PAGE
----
O Gracious God, we give you thanks for your overflowing generosity to us. Thank you for the blessings of the food we eat and especially for this feast today. Thank you for our home and family and friends, especially for the presence of those gathered here. Thank you for our health, our work and our play. Please send help to those who are hungry, alone, sick and suffering war and violence. Open our hearts to your love. We ask your blessing through Christ your son. Amen.

Pope Francis: Don’t let the world eat away at your Christian identity

Pope Francis: Don’t let the world eat away at your Christian identity

From Vatican Radio:

Spiritual worldliness, Pope Francis said, tempts us towards an inconsistent lifestyle, in which we pretend to be one thing but live in another way. It may be difficult to recognize, he said, but just as woodworm slowly destroys things, so worldliness slowly leads us to lose our Christian identity.

Worldliness, he went on, leads to inconsistency between the things we say – “Oh, I’m a good Catholic, Father, I go to Mass every Sunday” – and the things we do at work, such as offering or receiving bribes for example. This is not being consistent, the Pope said, rather it leads to a double life which distances us from God and destroys our Christian identity.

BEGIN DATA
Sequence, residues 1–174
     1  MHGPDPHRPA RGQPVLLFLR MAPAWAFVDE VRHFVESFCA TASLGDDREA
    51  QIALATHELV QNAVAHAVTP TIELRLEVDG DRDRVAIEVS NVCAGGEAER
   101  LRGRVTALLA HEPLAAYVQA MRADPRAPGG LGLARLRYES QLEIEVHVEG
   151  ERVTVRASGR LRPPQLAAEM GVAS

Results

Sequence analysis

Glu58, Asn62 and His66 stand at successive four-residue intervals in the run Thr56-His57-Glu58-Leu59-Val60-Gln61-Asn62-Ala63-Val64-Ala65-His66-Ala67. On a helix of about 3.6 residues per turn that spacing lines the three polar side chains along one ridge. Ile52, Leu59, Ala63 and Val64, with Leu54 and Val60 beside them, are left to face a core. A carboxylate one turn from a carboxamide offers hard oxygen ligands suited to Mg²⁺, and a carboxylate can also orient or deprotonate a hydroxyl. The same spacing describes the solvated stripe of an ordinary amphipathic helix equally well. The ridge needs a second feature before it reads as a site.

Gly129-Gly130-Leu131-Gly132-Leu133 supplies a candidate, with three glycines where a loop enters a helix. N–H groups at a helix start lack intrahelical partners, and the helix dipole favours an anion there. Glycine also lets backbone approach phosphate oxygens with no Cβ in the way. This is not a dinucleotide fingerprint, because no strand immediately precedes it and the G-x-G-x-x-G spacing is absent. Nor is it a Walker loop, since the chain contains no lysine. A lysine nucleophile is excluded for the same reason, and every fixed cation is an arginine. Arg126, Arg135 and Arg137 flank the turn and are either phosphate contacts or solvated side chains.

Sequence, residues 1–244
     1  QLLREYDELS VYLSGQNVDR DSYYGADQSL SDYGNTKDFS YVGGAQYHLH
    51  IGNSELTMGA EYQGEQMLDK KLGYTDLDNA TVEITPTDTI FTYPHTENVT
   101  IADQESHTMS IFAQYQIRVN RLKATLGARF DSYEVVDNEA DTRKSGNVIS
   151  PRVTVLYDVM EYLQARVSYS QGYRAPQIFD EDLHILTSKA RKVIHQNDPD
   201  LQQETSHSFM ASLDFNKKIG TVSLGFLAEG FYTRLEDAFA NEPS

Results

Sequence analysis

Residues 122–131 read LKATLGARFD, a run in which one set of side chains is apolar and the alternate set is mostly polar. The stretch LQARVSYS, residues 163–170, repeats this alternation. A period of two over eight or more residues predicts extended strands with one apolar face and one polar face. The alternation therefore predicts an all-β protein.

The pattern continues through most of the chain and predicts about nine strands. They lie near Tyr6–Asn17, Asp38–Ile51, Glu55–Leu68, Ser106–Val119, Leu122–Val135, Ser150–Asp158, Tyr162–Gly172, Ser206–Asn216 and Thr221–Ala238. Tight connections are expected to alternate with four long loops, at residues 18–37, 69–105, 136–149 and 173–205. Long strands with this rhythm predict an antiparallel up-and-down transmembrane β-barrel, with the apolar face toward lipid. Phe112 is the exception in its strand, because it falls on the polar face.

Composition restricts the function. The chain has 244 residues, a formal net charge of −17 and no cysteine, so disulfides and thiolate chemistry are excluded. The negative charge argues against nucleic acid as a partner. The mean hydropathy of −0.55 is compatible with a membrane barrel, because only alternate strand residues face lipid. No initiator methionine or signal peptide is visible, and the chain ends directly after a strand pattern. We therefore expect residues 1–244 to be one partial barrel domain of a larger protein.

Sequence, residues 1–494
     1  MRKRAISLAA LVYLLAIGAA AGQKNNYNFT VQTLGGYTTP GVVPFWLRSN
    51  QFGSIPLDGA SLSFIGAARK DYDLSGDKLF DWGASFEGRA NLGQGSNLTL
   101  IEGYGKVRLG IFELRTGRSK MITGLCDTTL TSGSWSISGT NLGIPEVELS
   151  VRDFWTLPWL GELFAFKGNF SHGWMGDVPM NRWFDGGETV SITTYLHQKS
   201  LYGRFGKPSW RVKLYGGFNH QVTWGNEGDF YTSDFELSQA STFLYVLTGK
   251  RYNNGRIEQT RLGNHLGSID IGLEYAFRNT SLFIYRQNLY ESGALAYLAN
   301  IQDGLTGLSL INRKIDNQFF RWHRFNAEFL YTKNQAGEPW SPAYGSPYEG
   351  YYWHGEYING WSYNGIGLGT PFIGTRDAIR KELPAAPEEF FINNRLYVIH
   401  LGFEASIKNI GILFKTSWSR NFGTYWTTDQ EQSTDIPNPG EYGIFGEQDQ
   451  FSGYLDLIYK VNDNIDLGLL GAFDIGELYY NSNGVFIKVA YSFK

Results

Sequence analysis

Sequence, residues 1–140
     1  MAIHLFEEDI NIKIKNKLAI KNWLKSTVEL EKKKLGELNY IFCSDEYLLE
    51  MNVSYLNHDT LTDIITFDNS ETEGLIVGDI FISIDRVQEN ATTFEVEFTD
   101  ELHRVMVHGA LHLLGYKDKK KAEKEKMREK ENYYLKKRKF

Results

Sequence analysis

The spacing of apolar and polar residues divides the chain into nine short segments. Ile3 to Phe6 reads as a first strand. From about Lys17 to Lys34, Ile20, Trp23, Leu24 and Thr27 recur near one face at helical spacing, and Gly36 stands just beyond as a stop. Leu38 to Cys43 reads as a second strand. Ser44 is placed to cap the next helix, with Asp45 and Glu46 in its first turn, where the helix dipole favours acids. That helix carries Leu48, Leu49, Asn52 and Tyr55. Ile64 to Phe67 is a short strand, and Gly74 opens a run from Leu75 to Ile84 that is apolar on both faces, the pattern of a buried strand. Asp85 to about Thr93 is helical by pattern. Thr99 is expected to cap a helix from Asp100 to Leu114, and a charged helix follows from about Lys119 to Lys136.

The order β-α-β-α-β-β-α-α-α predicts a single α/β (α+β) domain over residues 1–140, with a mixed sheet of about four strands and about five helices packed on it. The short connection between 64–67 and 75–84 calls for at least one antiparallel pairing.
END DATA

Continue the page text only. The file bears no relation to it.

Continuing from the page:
For this reason, Pope Francis continued, Jesus strongly pleads with his Father to save his disciples from such a worldly spirit. The Christian spirit, on the other hand, the Christian identity, he said, is never egoistic, but always tries to be consistent, avoiding scandal, helping others and showing a good example.

The Pope responded to objections such as, “It’s not easy, Father, to live in this world where there are so many temptations and we are lured by the attractions of a double life every single day!” For us it is impossible, he said, and only God can help us avoid such worldliness, which is why we pray in the Psalms, “The Lord, upholds me”. He is our support against that spirit which destroys our Christian identity.

Read the rest at Vatican Radio.